“What does that even mean?” May cocked her head with curiosity. She had never heard of such a thing before.
“I’m not sure how to explain it,” Em admitted with a shrug. “All I know is, I experience the world differently than you. There is energy everywhere – everything has it. I feel it very clearly and I can interact with it in the same way.”
“Well, aren’t you special,” May teased.
“I know, right?” Em grinned.
Without saying any more, she had brought her hands together until a blue flash of glowing light ignited between her palms. She let it expand before tossing it into the air. An unseen shockwave fired after it, forcing the orb to explode into a fireworks-esque display. May had watched in delight as the residual energy gradually disperse back into the atmosphere like stars flickering out at daybreak.
And so went their days together. Any waking moment May wasn’t taking care of Omi or dancing, she spent with Em. May tried teaching Em to dance (Em, as it turned out, was woefully bereft of any sense of rhythm – a fact they both found incredibly entertaining) and Em taught May how to throw a punch (“The key is to use your shoulder,” she instructed, holding up a couch cushion for May to practice on. “That’s where the power comes from.”)
They cooked meals, swam in the ocean, and talked. For hours, well into the night, the two would talk about anything and everything. They were an odd pair, but each truly enjoyed the time they spent together.
The following Saturday, the day of May’s second cancelled family dinner, the two finished cleaning up from a late breakfast before settling onto the couch to watch a movie.
The day was overcast and gloomy; perfect for holing up indoors. At Em’s suggestion, May chose one of her favorite old black and white films where the actors both sang and danced. May hesitated; in the wake of Em’s personal revelation, she had become self-conscious of her more mundane interests.
But Em insisted.
“I’m sure they’re considered classics for a reason,” she concluded, filling a bowl full of berries leftover from their morning meal.
They sat close together on the couch. May tried not to burst with nervous excitement as they shared a blanket draped across both their laps.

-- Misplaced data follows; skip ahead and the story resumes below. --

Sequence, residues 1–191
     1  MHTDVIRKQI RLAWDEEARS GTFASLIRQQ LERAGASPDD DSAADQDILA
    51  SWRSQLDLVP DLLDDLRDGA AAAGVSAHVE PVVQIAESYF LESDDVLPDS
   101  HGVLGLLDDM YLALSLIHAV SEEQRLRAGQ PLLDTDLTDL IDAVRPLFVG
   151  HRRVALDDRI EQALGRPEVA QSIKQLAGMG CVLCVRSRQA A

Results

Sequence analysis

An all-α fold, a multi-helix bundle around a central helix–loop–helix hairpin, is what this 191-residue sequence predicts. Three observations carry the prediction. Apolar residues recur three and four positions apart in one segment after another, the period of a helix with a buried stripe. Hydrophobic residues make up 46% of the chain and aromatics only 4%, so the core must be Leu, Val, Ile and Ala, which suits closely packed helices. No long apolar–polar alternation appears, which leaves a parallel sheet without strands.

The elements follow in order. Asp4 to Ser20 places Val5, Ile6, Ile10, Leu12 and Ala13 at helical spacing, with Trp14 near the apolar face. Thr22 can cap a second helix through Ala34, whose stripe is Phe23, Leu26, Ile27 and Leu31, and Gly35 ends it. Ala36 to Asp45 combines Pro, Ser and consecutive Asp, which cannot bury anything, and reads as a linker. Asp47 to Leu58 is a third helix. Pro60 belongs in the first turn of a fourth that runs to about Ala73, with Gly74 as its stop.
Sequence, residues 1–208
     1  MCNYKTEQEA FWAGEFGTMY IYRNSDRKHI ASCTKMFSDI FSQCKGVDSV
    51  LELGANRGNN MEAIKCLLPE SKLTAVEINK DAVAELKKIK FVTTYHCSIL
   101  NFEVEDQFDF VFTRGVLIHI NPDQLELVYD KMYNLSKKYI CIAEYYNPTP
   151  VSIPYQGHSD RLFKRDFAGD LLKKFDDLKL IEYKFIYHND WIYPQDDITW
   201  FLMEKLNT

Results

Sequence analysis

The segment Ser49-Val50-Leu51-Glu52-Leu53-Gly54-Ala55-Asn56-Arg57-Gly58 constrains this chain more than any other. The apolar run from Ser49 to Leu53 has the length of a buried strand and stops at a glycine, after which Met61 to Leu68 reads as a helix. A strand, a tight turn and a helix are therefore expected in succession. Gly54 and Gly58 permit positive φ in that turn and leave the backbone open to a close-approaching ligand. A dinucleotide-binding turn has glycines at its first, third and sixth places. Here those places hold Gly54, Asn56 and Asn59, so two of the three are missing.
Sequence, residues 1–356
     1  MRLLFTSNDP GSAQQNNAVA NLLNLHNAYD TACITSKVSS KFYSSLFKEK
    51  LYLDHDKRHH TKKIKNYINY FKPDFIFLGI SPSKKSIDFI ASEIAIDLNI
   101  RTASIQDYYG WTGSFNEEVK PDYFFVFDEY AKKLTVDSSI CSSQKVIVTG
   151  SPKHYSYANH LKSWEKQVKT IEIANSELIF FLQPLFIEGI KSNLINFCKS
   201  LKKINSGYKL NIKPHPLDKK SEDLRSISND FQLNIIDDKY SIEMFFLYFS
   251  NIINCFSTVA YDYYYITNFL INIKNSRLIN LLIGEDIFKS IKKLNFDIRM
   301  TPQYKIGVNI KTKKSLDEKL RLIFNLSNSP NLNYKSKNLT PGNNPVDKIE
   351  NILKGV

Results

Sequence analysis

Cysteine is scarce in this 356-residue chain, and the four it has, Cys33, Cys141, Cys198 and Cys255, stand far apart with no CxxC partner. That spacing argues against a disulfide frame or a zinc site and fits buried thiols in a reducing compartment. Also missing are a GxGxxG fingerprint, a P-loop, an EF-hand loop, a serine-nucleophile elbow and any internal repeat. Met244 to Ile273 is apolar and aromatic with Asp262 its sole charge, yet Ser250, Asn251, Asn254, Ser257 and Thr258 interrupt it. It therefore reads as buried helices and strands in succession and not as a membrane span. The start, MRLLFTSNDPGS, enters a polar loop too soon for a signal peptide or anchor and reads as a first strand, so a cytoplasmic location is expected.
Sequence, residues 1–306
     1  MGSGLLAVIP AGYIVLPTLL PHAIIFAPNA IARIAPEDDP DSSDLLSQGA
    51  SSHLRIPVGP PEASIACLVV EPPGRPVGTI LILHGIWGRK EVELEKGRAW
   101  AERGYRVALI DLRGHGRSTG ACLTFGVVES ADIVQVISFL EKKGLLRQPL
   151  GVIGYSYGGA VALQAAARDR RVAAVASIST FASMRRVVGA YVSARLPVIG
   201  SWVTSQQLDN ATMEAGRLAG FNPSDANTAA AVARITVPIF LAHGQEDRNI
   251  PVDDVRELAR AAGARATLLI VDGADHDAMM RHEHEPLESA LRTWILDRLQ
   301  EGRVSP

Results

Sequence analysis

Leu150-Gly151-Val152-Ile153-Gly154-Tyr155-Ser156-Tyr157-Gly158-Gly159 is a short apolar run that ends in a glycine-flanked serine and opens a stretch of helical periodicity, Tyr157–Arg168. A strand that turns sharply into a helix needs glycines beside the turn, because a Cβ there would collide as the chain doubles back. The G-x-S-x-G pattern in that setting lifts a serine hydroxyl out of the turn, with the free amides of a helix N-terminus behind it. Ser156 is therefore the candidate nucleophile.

A dramatic meltdown from the film’s leading lady made Em snort.
“Stop!” May laughed. Not for the first time, she nudged at Em playfully with her elbow.
“Oh, c’mon,” Em grinned, not looking away from the screen. “It’s meant to be funny! I’m supposed to laugh.”
May gave her an exasperated look, but couldn’t suppress her smile.
“Okay, give me another,” Em said after a moment.
May chose a plump berry from the bowl and flipped it skyward. Em skillfully caught the flung fruit in her mouth and went back to watching the movie as if nothing had happened, making May giggle.
Thoroughly satisfied with herself (she’d had May tossing her berries since the movie started) Em slumped comfortably deeper into the soft couch. Perhaps it was unintentional, but her shoulder settled gently into May’s.
A kaleidoscope of butterflies collided against the ceiling of May’s stomach. She tried her best not to react. What would happen if she relaxed back into the cushions too, just enough to bring them a little closer together? Would it be too obvious? She’d have to move slowly; make it look natural…
Just as she steeled the courage to make her move, Em sat up with a jolt.
“What is it?” May asked, flustered.
“Did you hear that?” Em cocked her head, straining to hear over the swelling movie soundtrack.
May reached for the remote and hit the mute button. The quiet revealed the sound of many pairs of feet stomping up the spiral staircase.
A look of horrified realization washed over her face.
Banner art by @beverlylove